4. The fourth is to be creative in the face of various difficulties in the course of development, the changes and challenges to be met, and the new methods that need to be innovated to take the sector into a higher level of

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Annex 1: Abstract of the Development Plan for China’s Bamboo Industries (2013–2020)

Zhaohua, Z.; Wei, J. CABI PDF

Annex 1

Abstract of the Development Plan for China’s Bamboo Industries

(2013–2020)

Being critical ecological, industrial and cultural resources of the world and commonly acknowledged as the ‘second largest forests of the planet’, bamboos make up an essential ingredient of the global forestry resources. China, one of the primary bamboo growers and known to the world as the ‘Kingdom of Bamboos’, ranks top of the world in terms of bamboo germplasm, sizes of bamboo groves, volumes of bamboo stock, and output and export volumes of bamboo products. Over the years, China has gone through speedy growth in both the sizes of its bamboo groves and its standing bamboo stocks. China also leads the world in product innovation as well as in R&D on bamboo processing techniques, and steadily supplies the world with thousands of bamboo products that fall roughly into dozens of categories, including, but not limited to, construction materials, household bamboo products, bamboo-based panels, bamboo charcoal, bamboo-based furniture, bamboo fibre and bamboo-derived drinks. In the year 2012, the total outputs generated from the bamboo industries in China, which provide jobs for over 7.75 million people, reached a value of US$19.5 billion. The bamboo industries have emerged as a dynamic force in China’s forestry sector and offer tremendous ­ potential for its overall economic growth and for enhancing household income in the country’s rural areas.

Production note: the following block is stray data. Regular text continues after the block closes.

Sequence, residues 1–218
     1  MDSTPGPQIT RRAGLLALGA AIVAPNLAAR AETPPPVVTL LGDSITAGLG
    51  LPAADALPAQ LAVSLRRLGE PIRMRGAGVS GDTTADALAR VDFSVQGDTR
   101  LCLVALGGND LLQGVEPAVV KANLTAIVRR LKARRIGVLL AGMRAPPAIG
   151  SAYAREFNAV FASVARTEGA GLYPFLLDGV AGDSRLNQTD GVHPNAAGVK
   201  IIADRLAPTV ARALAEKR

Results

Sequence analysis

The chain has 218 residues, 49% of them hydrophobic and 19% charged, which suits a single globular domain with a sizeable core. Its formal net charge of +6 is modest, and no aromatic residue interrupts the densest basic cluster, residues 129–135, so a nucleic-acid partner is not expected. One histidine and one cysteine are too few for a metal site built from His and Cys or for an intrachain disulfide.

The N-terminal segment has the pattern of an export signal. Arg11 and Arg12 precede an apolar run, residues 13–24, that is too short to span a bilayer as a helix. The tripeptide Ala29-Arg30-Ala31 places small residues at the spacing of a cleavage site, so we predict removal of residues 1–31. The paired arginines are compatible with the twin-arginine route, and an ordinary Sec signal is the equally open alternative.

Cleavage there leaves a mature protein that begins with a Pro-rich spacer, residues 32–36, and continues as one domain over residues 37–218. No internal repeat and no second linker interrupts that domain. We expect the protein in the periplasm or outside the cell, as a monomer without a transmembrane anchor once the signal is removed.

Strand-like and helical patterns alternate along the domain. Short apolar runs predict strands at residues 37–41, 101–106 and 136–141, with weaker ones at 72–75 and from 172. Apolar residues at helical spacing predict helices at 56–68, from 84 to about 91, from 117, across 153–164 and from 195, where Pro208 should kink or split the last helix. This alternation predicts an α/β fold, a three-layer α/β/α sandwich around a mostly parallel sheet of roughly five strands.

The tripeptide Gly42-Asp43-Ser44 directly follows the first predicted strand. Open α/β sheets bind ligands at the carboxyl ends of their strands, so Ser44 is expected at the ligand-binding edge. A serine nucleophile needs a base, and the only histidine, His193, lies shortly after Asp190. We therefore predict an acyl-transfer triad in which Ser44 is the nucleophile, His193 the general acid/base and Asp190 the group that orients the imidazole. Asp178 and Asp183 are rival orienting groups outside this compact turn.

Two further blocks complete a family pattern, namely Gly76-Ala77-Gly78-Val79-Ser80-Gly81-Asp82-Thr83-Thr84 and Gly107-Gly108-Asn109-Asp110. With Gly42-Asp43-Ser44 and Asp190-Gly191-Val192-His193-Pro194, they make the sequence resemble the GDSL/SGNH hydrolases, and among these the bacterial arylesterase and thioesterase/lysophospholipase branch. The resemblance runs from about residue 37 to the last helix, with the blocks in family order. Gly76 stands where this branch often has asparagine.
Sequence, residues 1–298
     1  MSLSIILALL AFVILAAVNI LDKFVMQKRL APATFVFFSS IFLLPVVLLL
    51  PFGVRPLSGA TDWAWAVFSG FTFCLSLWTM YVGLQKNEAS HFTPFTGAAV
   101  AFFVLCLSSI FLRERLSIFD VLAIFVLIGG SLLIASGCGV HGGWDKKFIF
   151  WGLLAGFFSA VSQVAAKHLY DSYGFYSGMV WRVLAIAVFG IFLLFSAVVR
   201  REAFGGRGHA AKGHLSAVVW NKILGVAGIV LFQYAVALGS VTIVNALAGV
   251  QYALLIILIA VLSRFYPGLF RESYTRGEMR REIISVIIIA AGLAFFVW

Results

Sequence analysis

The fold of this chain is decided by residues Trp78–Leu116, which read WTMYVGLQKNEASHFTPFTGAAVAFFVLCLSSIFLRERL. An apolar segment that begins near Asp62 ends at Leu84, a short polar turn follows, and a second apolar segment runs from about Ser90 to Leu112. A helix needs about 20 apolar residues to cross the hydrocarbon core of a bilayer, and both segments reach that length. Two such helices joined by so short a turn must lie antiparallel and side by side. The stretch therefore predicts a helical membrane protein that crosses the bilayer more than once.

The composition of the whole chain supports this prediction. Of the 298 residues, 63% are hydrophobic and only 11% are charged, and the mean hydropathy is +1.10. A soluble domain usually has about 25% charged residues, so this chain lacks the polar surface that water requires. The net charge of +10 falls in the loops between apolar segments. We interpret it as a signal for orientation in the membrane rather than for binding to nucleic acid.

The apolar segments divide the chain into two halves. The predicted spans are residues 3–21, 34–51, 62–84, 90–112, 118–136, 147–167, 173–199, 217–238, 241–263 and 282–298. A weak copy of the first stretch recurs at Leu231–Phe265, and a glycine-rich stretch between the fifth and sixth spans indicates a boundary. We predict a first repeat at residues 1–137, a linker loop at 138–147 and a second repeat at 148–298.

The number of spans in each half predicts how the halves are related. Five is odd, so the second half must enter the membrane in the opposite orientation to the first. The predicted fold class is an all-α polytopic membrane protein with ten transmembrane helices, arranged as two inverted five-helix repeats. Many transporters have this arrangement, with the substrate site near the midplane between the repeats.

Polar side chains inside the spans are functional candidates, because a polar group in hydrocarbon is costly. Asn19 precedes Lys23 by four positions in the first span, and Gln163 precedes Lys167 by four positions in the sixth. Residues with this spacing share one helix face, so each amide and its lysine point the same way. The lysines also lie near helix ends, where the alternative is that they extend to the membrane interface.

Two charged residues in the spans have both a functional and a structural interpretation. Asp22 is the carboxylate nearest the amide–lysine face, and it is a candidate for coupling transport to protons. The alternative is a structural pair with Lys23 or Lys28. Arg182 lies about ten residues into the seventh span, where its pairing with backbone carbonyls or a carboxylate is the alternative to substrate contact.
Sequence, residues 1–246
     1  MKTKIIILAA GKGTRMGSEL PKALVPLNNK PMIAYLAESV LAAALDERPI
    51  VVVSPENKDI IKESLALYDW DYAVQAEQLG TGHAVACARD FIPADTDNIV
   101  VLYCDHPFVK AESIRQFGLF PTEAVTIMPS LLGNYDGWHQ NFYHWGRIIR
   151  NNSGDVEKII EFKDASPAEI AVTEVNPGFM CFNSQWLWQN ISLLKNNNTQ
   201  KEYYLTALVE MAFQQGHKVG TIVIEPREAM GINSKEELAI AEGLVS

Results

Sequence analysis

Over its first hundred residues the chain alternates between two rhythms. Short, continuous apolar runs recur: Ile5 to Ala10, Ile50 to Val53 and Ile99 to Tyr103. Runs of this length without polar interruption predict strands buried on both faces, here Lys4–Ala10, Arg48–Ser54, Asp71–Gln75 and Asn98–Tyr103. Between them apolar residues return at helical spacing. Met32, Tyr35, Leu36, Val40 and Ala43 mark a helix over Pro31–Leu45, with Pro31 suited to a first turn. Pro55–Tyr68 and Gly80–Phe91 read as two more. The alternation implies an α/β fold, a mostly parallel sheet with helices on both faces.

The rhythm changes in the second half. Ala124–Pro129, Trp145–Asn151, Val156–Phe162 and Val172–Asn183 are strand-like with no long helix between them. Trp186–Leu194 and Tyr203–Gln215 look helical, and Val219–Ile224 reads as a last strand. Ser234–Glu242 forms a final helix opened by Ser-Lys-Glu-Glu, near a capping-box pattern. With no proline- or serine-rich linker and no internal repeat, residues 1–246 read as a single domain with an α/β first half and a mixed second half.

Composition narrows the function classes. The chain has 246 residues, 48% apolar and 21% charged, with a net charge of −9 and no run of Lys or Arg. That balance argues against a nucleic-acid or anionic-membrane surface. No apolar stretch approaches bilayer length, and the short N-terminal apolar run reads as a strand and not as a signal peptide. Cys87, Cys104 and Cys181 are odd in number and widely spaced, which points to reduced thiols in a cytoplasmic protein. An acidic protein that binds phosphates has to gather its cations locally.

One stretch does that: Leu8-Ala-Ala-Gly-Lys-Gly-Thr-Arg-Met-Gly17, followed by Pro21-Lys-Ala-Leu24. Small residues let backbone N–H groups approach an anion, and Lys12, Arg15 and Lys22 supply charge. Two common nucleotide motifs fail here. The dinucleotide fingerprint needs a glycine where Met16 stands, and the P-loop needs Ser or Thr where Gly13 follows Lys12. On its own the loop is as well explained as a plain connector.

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1: Introduction

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1

Introduction

1.1  The Imbalanced Status of

Bamboo Development in the World

Bamboo is widely distributed in the developing countries of Africa, Asia and Latin America, while many developed countries in Europe and North

America, including Japan and Australia, are key consumer countries of bamboo products.